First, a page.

- Main lore areas
Mihara, Onomichi, Osakikamijima, Kure
- Main ingredients used
Igisu (red algae) raw soy flour, dashi stock, shiso leaves, Japanese ginger, miso, vinegar
- History/origin/related events
This dish is made from a type of algae called “igisu”, which is mixed with raw soy flour and heated until it melts, then set like gelatin. It works on the same principle as vegetable gelatin or agar-agar, and sets without any need to add a coagulant. It is always made for Bon festival or other occasions when friends and family gather. In some areas it is frequently made during summer. The garnishes and seasonings used vary depending on the region and the household. In summer it is eaten chilled from the fridge. Igisu is a reddish-brown variety of algae cultivated from summer until fall, also referred to as “egonori”.
It is shaped in fine strands that split off into different "paths" one after another, with the tips bending into a hooked shape. While it grows in the deep recesses of the sea, it drifts into the shallows of inlets and beaches from spring to summer, where it is harvested from the rocks and pebbles it sticks to. Once gathered, it is repeatedly rinsed in cold water and dried in the sun, until it is dehydrated. Low in calories and rich in minerals and dietary fiber, it is prized as an ideal food for promoting a long life. It has been eaten since ancient times, reportedly having been offered as tribute to the Imperial Court in the Asuka (592 to 710 CE) and Nara (710 to 794 CE) periods. It has become difficult to get hold of these days, but foods made from melted and set igisu can still be seen in Tottori, Ehime, Niigata, Nagasaki, Fukuoka and other prefectures.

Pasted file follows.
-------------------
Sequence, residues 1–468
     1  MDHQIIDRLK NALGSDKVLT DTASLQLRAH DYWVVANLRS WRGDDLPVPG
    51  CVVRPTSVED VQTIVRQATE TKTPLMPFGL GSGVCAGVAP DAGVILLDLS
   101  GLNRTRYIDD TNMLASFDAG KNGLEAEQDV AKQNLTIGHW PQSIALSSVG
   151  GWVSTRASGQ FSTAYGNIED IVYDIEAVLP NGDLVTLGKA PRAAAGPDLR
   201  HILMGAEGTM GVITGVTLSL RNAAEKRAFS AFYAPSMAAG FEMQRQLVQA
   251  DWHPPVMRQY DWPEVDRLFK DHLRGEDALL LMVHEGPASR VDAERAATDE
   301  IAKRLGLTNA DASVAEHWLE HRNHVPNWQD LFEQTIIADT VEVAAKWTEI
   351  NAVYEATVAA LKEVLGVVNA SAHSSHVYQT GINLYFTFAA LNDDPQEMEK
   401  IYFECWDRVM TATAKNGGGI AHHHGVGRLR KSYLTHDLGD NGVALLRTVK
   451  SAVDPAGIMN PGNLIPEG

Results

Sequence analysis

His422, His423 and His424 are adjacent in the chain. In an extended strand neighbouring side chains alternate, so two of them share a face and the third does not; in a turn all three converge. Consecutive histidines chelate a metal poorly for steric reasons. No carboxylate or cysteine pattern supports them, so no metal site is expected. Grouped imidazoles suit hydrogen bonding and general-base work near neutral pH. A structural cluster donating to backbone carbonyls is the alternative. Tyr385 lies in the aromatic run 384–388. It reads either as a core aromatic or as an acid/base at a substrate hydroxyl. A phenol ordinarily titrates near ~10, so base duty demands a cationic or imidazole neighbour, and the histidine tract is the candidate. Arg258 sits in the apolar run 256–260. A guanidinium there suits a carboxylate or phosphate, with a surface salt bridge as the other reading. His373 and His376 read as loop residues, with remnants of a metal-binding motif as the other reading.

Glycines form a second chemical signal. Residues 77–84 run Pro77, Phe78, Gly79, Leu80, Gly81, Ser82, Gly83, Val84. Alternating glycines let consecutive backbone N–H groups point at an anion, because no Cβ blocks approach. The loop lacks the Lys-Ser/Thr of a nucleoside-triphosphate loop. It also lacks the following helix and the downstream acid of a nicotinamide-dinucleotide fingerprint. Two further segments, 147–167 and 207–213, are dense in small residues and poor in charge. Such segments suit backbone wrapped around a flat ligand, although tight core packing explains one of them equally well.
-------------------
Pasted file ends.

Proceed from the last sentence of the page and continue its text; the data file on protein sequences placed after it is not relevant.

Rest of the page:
- Opportunities and times of eating habits
Until about 1960, the dish was frequently made for Bon festival or other occasions when friends and family would gather. In some areas it is often made during summer in particular.
- How to eat
Thoroughly rinse the dehydrated algae. Dissolve the algae with raw soy flour in water, before simmering. Pour into a square or rectangular container to cool, and once it has set, cut it into blocks. You can set the algae by itself, or add carrots, burdock, shrimp; it can also be mixed with rice bran water before setting. It is eaten with various miso pastes (vinegared, or with dried sardines, water pepper or yuzu), ginger, or soy sauce mixed with grated ginger.
- Efforts for Preservation and Succession
The dish is sold at regional farmer's markets, including those at roadside rest stations. As harvests of red algae decrease, it is becoming less and less common, but it is sometimes still made at home, too.